On Wednesday, the government virtually sealed off borders saying that all existing visas had been cancelled till April 15 to rein in the spread of coronavirus, which is spreading exponentially across the globe. The World Health Organisation too, has classified it as a global pandemic. The move has forced people to en masse cancel travel plans as airlines cut flights drastically.
Since February, foreign carriers operating to India have cancelled about 492 flights till March-end. Indian carriers have cancelled 96 international flights. This number is set to increase further after Wednesday’s order.
At Bengaluru airport, international traffic has dropped by 20 per cent from normal levels in February and almost by 50 per cent from normal levels in March ‘20. "While the airprot would normally have international passengers in the region of 14,000-15,000 per day, we are seeing approximately 6,000-7,000 daily international passengers,” an airport spokesperson said.
Executives of private airports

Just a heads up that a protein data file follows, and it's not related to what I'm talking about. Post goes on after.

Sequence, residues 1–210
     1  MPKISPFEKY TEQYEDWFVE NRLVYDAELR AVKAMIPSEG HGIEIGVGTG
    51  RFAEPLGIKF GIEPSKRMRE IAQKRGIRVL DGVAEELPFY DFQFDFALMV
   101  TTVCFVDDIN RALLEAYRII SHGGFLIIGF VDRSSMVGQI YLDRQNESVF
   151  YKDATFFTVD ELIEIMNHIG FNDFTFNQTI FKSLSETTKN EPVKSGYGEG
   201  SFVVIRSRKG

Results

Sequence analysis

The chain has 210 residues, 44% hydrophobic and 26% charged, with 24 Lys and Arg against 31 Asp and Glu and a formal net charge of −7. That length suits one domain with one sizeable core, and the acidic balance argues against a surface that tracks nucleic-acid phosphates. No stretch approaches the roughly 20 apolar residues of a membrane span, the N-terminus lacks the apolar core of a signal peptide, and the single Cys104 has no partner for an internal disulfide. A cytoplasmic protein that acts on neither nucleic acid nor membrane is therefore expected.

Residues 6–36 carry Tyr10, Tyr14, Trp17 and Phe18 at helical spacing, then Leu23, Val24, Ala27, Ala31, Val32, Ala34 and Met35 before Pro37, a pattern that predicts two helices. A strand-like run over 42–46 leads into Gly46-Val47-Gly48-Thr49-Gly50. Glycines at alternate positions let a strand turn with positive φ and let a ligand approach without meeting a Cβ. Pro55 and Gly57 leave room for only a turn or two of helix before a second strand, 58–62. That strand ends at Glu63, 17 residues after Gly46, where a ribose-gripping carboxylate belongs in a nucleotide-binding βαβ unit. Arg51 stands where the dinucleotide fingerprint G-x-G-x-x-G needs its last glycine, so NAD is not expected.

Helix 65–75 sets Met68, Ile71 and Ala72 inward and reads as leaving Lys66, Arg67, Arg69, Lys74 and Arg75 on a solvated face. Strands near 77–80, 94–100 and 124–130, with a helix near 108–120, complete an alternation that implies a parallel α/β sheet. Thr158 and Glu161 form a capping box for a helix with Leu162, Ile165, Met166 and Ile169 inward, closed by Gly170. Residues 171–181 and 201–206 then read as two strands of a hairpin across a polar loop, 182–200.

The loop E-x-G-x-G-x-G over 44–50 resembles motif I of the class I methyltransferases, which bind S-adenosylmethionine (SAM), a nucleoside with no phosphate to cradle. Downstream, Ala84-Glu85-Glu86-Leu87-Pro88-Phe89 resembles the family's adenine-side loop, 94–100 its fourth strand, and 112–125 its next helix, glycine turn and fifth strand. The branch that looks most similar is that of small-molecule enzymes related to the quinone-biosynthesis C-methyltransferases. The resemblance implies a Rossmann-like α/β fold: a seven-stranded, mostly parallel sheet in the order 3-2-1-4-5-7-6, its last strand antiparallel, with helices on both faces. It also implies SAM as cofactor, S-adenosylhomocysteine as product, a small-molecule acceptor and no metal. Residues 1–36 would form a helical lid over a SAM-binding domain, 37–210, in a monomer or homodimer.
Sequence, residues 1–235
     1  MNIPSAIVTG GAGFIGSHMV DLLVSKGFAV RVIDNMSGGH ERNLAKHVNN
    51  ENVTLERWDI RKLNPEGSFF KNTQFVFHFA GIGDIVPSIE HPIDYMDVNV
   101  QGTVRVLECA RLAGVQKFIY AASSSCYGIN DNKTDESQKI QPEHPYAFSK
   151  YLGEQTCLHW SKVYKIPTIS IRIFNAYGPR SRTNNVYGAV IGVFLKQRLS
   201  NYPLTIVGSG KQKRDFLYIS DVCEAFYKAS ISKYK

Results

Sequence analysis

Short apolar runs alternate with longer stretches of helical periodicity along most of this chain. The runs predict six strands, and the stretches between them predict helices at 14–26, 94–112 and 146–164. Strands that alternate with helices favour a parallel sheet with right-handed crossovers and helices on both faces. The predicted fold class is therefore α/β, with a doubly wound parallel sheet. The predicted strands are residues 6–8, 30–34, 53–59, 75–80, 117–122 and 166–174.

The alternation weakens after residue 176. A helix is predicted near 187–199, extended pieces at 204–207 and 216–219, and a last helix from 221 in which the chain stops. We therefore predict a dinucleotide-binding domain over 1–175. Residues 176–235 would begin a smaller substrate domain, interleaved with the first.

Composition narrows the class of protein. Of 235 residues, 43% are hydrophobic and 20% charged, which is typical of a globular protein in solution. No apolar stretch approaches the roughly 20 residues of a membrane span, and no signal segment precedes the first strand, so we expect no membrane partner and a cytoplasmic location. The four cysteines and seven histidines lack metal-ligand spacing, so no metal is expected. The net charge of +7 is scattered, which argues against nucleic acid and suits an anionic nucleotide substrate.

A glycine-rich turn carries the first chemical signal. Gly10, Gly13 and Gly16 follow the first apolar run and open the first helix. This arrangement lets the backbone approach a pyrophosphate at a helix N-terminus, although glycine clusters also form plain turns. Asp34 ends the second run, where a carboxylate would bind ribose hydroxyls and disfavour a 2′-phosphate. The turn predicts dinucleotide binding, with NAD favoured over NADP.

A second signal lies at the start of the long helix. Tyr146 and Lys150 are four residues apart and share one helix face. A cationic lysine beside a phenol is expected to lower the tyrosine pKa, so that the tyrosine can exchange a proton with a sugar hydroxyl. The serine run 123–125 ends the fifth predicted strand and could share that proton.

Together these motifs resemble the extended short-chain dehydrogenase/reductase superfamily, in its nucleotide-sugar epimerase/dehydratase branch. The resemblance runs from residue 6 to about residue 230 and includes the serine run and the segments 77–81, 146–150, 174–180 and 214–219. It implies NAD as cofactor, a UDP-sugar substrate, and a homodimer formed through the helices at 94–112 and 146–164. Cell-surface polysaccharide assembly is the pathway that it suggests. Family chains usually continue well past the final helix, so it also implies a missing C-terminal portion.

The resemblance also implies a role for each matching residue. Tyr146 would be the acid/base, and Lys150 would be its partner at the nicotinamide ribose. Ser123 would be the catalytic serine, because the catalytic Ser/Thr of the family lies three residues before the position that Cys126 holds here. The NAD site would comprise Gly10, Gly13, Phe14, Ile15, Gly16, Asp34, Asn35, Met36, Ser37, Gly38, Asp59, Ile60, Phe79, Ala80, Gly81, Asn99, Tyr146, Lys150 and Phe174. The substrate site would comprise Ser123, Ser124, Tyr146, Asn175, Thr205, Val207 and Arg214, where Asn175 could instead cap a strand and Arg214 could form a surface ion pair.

say that due to the revenue sharing arrangement they have with the government their revenue stream is under severe pressure. According to the agreements signed with the government during privatisation process in 2006, India’s two largest airports, the GMR group-owned Delhi Airport and GVK group-owned Mumbai Airport pay 46 and 38.7 per cent of their annual revenue to government-owned Airport Authority of India (AAI).
An executive of a private airport operator explained that the revenue has to be paid a quarter in advance according to the projected business plan submitted by the airports
to the government.
“So we have already paid the government for Q1 FY 21 according to the projected business plan we had in the beginning of the year. But suddenly things took a downturn and we are seeing a decline everyday. Aircraft movements are reducing so are passenger footfall which will make the submitted business plan redundant,” he said.
According to another executive, multiple of their trade partners including the food & beverage stores, retail outlets and shopping outlets are seeing a drop in footfall. “They will certainly default for at least the next two quarters which in turn will materially impact the overall revenue of airport. So to say in plainly, both aero and non-aero charges are getting impacted and unlike the airlines, airport’s infrastructure are of fixed nature and not very flexible to respond to such fluctuations,” the executive said.